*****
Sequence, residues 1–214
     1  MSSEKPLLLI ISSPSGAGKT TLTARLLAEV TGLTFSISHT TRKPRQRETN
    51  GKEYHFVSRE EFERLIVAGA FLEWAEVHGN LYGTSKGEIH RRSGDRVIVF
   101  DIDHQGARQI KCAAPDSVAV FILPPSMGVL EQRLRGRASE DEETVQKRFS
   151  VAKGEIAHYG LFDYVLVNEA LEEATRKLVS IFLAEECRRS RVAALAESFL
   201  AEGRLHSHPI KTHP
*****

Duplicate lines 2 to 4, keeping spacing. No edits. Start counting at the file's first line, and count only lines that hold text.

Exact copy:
     1  MSSEKPLLLI ISSPSGAGKT TLTARLLAEV TGLTFSISHT TRKPRQRETN
    51  GKEYHFVSRE EFERLIVAGA FLEWAEVHGN LYGTSKGEIH RRSGDRVIVF
   101  DIDHQGARQI KCAAPDSVAV FILPPSMGVL EQRLRGRASE DEETVQKRFS